What Happens To Your Eyes When You Sleep?

Many of us think sleep is an absolute state of unconsciousness where all our organs basically go on a brief holiday. Once in a while, you may wonder what your eyes may be doing when you are slumbering away when you sleep. Your eyes are likely shut when you sleep right? Well, it may be surprising to you that while you sleep, your eyes are very active when you sleep – almost as active as your brain.

Here is something you should know about what occurs in your sleep: Rapid Eye Movement. Yes, when you sleep your brain undergoes five distinct phases. Among these is a phase called rapid eye movement sleep otherwise shortened as REM. The remaining four phases can be squeezed under the non rapid eye movement sleep.

In course of the REM phase, the eye performs many eye movements. It would astonish you that these spontaneous eye movements rank as the fastest movement made by the human body.

This REM sleep period largely occupies an estimated one-fourth of an adult’s sleep cycle and for a baby, it takes a wholesome half of its sleep cycle. Generally, as humans, we tend to drift into this REM stage within the first ninety minutes of when we start sleeping. But the sleep cycle is initiated with a non-REM phase at the starting interval. The reality is that the REM phase happens more than once in a night’s sleep.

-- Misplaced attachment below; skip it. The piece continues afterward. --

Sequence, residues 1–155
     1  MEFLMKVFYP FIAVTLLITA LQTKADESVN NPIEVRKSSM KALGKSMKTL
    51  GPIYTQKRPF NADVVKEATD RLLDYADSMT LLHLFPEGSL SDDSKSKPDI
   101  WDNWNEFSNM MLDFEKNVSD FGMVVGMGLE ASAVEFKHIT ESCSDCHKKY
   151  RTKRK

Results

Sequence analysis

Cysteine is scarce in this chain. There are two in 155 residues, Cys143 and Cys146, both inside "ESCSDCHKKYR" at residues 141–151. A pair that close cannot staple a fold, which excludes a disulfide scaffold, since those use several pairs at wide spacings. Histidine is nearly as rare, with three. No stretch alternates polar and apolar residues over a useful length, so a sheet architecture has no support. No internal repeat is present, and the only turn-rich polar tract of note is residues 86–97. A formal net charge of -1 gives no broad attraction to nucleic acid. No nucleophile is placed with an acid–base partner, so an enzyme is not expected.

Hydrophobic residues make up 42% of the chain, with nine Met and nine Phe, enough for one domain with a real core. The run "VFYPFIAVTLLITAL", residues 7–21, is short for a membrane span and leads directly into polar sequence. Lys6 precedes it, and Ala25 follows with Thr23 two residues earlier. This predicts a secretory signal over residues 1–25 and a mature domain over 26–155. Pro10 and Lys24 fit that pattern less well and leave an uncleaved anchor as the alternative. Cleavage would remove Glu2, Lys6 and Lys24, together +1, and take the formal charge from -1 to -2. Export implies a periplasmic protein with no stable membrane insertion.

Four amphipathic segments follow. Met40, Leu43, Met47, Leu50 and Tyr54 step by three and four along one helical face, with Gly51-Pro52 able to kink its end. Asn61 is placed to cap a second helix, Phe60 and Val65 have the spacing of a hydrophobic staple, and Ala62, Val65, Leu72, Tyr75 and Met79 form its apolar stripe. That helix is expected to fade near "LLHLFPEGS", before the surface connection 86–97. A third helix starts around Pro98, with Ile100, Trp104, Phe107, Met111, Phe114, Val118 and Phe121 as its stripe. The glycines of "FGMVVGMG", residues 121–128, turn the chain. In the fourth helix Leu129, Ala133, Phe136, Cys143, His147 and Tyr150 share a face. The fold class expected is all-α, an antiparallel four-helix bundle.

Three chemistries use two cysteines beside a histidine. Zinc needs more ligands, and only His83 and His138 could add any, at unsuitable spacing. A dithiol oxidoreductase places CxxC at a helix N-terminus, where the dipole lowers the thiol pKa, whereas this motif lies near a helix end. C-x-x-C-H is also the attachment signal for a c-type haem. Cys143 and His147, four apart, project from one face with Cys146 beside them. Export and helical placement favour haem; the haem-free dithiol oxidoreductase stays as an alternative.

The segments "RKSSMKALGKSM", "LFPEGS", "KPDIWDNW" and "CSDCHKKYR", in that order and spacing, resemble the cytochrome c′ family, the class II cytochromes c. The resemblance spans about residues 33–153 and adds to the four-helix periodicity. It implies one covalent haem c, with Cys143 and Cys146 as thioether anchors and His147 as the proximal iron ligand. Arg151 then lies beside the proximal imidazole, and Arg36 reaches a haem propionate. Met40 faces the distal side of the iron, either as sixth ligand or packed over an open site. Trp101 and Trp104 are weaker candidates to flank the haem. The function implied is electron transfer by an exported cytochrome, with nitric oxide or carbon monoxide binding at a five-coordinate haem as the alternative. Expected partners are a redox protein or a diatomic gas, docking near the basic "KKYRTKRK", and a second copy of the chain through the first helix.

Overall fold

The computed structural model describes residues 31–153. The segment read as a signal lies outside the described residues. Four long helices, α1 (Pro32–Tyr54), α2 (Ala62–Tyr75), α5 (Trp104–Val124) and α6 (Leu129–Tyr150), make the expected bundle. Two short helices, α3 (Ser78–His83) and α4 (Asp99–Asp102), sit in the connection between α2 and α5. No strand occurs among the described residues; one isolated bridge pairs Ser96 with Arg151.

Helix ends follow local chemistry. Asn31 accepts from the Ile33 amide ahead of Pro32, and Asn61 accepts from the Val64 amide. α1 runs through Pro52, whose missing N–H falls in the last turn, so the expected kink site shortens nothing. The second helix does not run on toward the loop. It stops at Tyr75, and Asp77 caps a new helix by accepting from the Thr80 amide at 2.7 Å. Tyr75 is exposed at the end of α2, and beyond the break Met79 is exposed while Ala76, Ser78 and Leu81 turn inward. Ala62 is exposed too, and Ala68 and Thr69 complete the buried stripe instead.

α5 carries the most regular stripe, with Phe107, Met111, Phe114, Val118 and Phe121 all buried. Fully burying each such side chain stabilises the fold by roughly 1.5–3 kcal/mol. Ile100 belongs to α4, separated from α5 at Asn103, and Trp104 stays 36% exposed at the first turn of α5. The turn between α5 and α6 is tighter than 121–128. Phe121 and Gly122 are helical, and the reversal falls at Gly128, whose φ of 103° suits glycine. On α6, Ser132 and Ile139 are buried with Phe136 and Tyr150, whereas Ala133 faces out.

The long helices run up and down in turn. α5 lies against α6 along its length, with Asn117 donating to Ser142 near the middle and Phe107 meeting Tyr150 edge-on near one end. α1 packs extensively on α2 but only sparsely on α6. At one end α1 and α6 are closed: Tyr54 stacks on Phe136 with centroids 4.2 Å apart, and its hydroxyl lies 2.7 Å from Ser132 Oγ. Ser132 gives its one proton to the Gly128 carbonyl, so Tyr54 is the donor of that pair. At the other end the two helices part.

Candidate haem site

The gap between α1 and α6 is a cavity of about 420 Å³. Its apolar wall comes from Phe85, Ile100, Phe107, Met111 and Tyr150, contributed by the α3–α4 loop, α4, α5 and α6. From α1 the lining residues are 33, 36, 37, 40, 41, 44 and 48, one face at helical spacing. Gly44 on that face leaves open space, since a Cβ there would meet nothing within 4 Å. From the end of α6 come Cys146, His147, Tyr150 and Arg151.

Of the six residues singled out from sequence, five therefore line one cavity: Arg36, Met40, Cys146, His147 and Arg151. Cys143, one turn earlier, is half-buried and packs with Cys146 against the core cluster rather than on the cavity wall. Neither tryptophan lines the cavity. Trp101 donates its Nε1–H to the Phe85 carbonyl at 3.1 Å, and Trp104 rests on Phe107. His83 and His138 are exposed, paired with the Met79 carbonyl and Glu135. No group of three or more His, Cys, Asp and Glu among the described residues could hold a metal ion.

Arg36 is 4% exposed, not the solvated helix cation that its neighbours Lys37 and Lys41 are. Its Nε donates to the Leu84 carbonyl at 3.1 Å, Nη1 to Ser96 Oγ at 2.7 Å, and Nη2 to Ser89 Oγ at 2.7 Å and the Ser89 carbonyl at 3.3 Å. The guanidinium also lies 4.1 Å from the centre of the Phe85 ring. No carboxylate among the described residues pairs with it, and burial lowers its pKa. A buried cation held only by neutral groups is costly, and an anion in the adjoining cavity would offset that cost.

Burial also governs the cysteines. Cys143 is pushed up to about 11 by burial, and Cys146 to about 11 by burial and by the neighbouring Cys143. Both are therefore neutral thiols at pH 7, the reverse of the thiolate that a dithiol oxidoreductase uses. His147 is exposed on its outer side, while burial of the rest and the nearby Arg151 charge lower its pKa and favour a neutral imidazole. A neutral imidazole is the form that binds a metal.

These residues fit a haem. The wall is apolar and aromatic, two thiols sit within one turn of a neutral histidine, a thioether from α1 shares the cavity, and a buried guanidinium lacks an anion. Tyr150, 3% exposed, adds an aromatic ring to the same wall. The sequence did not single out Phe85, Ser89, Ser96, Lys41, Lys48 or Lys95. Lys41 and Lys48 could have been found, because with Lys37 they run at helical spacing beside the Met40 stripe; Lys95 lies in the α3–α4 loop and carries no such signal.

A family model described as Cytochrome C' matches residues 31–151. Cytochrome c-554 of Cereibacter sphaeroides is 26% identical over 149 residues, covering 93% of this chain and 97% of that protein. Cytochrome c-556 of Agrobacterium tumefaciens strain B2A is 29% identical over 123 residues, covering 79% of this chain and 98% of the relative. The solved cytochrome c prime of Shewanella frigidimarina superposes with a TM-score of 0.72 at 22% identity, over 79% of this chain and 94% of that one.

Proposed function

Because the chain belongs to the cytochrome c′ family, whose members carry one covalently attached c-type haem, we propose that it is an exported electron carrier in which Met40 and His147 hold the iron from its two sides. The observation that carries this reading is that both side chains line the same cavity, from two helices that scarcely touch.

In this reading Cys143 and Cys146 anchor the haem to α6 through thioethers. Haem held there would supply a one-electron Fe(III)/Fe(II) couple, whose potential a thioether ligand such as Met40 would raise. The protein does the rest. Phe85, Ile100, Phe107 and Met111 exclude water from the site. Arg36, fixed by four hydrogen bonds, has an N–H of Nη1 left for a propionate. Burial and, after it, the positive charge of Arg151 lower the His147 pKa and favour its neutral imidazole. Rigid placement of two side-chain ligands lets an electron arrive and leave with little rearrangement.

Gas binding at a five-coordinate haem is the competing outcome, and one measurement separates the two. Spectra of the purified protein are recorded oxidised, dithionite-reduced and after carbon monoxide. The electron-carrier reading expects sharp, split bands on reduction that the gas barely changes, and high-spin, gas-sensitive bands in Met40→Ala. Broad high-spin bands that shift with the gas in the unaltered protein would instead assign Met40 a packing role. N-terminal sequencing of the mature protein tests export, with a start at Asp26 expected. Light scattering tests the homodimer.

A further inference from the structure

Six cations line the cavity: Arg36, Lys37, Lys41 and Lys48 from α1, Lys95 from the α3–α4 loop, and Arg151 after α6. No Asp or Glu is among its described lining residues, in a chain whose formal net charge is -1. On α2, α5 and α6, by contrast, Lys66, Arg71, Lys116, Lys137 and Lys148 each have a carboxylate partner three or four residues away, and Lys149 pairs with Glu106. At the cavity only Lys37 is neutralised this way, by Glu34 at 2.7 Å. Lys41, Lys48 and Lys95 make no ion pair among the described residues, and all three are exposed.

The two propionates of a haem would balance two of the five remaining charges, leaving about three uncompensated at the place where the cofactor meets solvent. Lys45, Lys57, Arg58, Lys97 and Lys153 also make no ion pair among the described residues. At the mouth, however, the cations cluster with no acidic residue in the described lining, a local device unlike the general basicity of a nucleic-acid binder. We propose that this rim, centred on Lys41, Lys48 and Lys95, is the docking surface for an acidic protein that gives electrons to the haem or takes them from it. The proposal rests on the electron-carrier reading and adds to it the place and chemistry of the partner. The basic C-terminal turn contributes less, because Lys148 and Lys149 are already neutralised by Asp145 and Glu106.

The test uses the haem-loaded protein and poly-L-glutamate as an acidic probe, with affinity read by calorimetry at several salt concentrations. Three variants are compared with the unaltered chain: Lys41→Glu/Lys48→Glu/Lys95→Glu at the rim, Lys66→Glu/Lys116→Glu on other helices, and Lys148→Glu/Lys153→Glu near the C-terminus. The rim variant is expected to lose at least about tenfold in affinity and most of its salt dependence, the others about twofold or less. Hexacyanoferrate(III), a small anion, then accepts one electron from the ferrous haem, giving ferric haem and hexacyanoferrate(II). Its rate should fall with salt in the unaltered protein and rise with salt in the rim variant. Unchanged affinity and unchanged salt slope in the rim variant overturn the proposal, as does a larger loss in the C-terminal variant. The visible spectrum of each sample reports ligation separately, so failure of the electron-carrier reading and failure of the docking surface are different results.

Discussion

Basically the beginning REM phase would take about ten minutes and subsequent REM phases tend to elapse longer in duration. In some cases even, a REM phase could last about 60 minutes.

The REM phase is so peculiar that many slide into momentary paralysis and are practically immobile. What happens in that period of time is that your brain transmits signals to your spinal cord to suspend any muscle activity in both your legs and your arms. This state is termed atonia.

Sometimes REM is closely connected to vivid dreams, also termed paradoxical sleep; in the sense that your brain is very active and functioning while your body and limbs are helplessly numb.

But do you know that these rapid movements of your eyes is very important to your general health? The REM stage is mostly that where you enjoy quality healthy sleep the most. REM even helps your memory, improves your pace of learning while also cleansing your mood. This is why you see that when you lack quality sleep (otherwise interpreted as when you lack quality REM), you notice you that you easily fall into bad moods and a general psychological lacklusterness. People who lack adequate rapid eye movements in their sleep also tend to become more susceptible to weight gains, as well as an increased likelihood of migraine headaches.

Therefore, now you know what happens to your eyes when you sleep, as well as how important eye movements (occurring in your sleep) are to your general well being.

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